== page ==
Florida Family Law allows a court to impute income to a parent in a child support case if the parent is voluntarily unemployed or underemployed. This means that the court can estimate the parent’s income based on their education, training, skills, and work experience, even if the parent is not actually earning that amount of money.
The law and court uses the term reasonable – this is very liberal in its definition
This is why if your case involves imputed income you need a vocational expert to do an assessment of employability, what is expected income and this is through an earning capacity evaluation and labor market survey
The court will consider all of the relevant factors in determining whether to impute income to a parent. These factors may include:
- The parent’s education, training, skills, and work experience
- The parent’s past earnings
- The parent’s ability to find a job
- The parent’s reasons for being unemployed or underemployed
- The needs of the child
If the court imputes income to a parent, the parent will be ordered to pay child support based on the imputed income.
The law on imputed income in Florida Family Law is found in section 61.30, Florida Statutes. This section states that:
“The court may impute income to a parent if the court finds that the parent is voluntarily unemployed or underemployed and that the parent’s earning capacity is not being fully utilized.”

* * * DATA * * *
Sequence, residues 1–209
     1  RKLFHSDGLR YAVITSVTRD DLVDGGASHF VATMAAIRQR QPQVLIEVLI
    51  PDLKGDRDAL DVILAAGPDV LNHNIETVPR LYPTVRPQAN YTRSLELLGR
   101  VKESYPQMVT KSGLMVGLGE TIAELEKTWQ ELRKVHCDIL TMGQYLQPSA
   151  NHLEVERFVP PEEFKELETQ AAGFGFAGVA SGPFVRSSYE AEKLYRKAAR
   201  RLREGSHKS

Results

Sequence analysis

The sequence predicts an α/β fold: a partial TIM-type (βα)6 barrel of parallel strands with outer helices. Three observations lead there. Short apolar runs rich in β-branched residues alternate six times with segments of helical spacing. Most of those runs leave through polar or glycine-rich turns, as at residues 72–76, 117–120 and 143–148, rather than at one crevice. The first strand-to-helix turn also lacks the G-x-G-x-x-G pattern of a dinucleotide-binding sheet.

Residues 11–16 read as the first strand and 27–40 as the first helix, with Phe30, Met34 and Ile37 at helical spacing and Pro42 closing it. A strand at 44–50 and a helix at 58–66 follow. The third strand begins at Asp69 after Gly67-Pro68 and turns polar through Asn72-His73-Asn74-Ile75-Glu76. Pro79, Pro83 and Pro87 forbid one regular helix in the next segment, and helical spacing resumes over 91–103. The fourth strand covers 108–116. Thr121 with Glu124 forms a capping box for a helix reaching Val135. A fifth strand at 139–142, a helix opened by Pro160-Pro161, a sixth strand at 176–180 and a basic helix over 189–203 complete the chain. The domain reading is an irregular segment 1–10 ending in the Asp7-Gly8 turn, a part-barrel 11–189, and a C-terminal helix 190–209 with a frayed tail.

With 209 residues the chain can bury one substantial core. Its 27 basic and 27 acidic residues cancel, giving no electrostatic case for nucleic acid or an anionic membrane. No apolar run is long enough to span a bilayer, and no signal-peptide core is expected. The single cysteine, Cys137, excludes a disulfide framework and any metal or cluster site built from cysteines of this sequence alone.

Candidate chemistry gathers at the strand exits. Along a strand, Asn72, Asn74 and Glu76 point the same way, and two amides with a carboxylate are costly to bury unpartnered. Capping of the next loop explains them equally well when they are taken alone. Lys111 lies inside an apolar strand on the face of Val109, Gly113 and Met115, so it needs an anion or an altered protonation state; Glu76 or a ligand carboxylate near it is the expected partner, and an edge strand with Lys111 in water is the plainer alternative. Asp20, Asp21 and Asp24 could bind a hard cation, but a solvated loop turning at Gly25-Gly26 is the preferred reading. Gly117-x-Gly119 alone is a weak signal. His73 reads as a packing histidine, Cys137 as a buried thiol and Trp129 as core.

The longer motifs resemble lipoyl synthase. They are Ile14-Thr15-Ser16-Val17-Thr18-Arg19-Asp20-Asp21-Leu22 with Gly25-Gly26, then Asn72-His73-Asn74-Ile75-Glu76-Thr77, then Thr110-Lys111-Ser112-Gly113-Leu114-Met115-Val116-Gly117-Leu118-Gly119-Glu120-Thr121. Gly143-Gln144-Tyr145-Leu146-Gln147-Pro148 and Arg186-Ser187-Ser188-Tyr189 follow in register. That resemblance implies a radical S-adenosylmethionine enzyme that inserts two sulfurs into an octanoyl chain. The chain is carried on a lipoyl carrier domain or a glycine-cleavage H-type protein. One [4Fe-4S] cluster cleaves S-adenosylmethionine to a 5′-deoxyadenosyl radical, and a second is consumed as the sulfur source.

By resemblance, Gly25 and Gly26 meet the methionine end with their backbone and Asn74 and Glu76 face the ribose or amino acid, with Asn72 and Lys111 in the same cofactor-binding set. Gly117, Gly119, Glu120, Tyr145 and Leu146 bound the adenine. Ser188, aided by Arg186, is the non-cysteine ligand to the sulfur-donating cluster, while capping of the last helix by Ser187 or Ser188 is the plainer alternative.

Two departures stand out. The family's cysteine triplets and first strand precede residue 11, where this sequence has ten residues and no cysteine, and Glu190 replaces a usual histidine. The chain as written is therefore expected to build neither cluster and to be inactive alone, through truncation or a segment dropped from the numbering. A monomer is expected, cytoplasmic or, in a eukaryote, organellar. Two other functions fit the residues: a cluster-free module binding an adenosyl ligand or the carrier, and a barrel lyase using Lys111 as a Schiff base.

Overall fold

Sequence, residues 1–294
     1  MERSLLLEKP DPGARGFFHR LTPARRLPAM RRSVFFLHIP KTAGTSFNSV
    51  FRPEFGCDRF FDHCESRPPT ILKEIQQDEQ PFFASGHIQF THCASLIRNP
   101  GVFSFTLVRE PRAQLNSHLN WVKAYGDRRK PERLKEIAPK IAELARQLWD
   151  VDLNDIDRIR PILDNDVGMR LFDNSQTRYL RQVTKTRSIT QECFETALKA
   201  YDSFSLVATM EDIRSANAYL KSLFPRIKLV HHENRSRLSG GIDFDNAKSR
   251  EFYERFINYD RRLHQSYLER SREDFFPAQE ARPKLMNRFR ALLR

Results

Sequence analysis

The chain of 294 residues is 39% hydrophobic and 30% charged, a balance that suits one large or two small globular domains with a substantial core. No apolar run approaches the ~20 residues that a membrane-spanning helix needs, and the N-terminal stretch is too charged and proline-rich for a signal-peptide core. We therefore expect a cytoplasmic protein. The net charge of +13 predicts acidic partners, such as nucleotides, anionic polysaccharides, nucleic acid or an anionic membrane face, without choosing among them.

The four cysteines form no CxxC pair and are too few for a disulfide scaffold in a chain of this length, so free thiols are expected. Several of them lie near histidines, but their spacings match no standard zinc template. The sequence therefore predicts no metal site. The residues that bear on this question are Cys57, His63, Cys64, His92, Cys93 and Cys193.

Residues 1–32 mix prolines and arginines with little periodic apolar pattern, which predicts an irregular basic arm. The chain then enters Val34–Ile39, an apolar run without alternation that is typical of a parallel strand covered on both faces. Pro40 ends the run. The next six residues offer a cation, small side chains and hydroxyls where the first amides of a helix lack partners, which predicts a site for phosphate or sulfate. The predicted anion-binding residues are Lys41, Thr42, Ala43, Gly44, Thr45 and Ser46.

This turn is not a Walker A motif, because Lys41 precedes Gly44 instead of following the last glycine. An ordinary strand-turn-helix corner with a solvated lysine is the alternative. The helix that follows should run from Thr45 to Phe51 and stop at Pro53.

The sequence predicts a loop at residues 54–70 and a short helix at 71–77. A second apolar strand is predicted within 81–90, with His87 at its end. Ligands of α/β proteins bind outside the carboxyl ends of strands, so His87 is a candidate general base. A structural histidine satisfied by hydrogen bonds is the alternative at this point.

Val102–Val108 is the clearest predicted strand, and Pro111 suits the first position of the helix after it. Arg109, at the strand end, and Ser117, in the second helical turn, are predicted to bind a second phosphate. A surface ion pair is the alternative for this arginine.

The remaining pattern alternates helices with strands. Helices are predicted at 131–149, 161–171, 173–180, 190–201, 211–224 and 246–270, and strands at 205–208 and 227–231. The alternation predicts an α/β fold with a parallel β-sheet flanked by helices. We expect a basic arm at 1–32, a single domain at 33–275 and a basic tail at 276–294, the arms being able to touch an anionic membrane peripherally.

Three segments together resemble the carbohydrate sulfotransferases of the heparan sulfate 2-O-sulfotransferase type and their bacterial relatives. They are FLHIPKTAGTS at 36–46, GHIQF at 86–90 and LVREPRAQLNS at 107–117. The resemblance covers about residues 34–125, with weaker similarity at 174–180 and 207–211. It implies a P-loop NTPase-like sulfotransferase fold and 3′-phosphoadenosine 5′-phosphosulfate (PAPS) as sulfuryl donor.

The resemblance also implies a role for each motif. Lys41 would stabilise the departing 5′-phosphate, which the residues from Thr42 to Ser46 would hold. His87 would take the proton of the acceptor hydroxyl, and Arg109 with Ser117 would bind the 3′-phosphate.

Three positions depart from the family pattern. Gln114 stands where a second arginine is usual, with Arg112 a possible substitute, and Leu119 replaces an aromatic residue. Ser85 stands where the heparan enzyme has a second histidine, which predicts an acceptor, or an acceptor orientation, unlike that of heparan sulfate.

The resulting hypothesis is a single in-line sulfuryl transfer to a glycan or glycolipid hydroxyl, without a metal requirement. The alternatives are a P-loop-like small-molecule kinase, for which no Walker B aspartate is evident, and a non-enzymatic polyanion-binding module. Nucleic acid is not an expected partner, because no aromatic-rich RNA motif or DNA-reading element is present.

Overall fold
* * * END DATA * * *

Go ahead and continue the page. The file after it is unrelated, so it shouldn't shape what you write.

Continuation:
The section goes on to list the factors that the court must consider in determining whether to impute income to a parent.
Imputed income can be a complex issue, and the laws in Florida may change. If you are involved in a child support case, it is important to speak to an attorney to get legal advice specific to your situation.
Here are some additional things to keep in mind about imputed income in Florida Family Law:
- The court can only impute income to a parent if the parent is voluntarily unemployed or underemployed. This means that the parent must be able to work but is choosing not to.
- The court cannot impute income to a parent based on their potential earnings. The court can only impute income based on the parent’s actual education, training, skills, and work experience.
- The court cannot impute income to a parent if the parent is unable to work due to a disability.
If you are considering challenging a child support order that includes imputed income, it is important to speak to an attorney to discuss your options.
Its through the use of a vocational expert that an individuals education, training, skills, and work experience can be put in terms that the court can understand in terms of earning ability
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